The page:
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Fire safety is a core part of being a responsible business owner. You need to make sure that you are safeguarding your staff and the general public with a suitable fire safety policy.

Understandably, new business owners may struggle to implement fire safety in the workplace properly, especially if they have had limited experience with it. For that reason, this guide intends to provide clear instructions on what to do to make sure that fire safety is taken care of within the work environment. Without further ado, let’s get started.

What is Fire Safety in the Workplace?

Fire safety is understood to be a set of practices which have been designed for reducing the damage and destruction caused by a fire. Fire safety practices can include things like preventing the ignition of fire, as well as taking measures to limit the spread of fire once it starts.

In addition to being the policies that are designed by business owners, the fire safety measures include things that were taken into consideration during building construction. All fire safety measures should be taught to staff members in the event of a fire.

As a discipline and a set of rules, fire safety is all about making sure that people are kept safe from harm and that the correct policies and procedures are in place. When it comes to getting the best results, you need to make sure that you have the best support measures in place to keep your building and its workers safe from harm. You must comply with all legislation. As a business owner, you will have legal responsibility for the implementation of a fire safety policy in accordance with all rules and regulations.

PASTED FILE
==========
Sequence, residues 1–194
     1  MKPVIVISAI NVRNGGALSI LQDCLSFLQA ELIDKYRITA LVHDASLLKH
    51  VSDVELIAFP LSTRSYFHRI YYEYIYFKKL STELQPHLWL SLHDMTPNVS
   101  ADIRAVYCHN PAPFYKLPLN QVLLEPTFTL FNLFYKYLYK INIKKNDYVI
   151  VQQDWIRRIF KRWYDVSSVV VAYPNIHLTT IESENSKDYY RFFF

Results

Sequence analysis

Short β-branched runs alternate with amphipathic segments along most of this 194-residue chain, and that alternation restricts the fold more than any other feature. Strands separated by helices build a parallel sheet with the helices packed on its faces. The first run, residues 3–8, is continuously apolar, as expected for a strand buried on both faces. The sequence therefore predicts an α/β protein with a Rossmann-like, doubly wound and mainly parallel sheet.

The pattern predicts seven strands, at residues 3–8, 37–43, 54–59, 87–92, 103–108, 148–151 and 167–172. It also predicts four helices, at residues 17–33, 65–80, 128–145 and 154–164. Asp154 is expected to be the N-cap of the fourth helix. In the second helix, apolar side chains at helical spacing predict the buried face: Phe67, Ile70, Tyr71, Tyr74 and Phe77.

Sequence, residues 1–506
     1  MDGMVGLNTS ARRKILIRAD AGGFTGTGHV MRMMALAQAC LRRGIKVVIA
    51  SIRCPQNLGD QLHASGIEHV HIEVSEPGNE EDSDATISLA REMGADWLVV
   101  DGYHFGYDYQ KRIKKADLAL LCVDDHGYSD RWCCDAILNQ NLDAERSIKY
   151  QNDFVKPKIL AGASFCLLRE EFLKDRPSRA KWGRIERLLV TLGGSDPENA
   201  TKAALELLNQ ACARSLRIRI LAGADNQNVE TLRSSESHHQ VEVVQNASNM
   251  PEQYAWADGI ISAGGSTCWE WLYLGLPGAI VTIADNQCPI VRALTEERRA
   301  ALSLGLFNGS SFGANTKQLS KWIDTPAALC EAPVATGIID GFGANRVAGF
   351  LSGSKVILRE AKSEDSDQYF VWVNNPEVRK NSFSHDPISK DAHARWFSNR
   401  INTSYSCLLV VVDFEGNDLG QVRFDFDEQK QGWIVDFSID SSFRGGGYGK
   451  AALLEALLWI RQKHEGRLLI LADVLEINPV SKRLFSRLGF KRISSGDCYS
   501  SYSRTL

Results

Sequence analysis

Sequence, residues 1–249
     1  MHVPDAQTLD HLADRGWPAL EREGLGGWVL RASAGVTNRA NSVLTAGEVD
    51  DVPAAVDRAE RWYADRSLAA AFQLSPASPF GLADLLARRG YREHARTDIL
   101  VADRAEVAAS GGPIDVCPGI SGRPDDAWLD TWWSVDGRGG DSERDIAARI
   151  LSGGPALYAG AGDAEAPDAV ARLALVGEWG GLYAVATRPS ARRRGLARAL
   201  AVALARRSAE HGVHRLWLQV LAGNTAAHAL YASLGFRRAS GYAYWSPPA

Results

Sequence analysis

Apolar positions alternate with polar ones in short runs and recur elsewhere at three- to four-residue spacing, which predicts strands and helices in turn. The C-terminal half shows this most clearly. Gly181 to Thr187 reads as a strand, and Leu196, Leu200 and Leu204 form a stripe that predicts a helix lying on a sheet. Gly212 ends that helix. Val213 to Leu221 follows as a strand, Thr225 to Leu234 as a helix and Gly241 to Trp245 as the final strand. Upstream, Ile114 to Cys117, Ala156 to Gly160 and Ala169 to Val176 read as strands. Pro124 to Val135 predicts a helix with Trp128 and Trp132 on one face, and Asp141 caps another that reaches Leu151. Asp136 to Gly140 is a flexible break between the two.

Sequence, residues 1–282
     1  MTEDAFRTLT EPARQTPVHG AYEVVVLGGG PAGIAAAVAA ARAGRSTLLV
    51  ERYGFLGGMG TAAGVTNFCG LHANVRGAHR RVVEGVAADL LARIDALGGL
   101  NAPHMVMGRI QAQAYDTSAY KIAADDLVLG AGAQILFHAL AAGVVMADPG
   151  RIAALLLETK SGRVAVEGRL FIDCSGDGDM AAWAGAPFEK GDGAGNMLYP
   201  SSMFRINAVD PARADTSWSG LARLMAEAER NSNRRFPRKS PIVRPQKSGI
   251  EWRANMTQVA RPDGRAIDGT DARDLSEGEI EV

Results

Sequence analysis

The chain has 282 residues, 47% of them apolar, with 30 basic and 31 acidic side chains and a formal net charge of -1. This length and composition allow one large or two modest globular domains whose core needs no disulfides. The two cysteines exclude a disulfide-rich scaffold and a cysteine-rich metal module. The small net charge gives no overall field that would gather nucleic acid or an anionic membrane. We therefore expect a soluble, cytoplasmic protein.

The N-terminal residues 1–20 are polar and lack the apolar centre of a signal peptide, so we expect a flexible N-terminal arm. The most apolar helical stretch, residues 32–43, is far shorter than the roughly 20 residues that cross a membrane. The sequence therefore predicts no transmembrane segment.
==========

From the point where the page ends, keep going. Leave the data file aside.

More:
The Regulatory Reform (Fire Safety) Order 2005

If you manage, own, or operate a business, then you have to comply with fire safety laws as laid out in these guidelines.

The order will apply to almost every building, structure and place in the UK. The only buildings that are typically exempt from these rules are individual private houses. However, the rules do apply to large blocks of flats or other shared dwellings.

As a business owner, your responsibilities under this act are that your premises meet the required expectations for fire safety and that your staff are provided with suitable fire safety training.

The order came into force in October 2006 and is designed to offer a minimum fire safety standard for any and all non-domestic properties and premises (with a few obvious exceptions). 

If the building is a workplace, then the act designates the employer as the responsible party for carrying out all requirements. If another person has control of the business to some extent, then they may also have certain duties under the order which need to be followed.

If the building is not a workplace, then any individual can be designated as the responsible party for overseeing all of the fire safety requirements. These individuals, or persons acting on their behalf, are obligated to carry out certain fire safety duties, which help to ensure that the general fire precautions in place are satisfactory and manage to conduct a proper fire risk assessment at the same time.

In the event that more than five people are employed by the company, it is necessary to document and record any fire safety risk assessments or other exercises carried out in accordance with fire safety.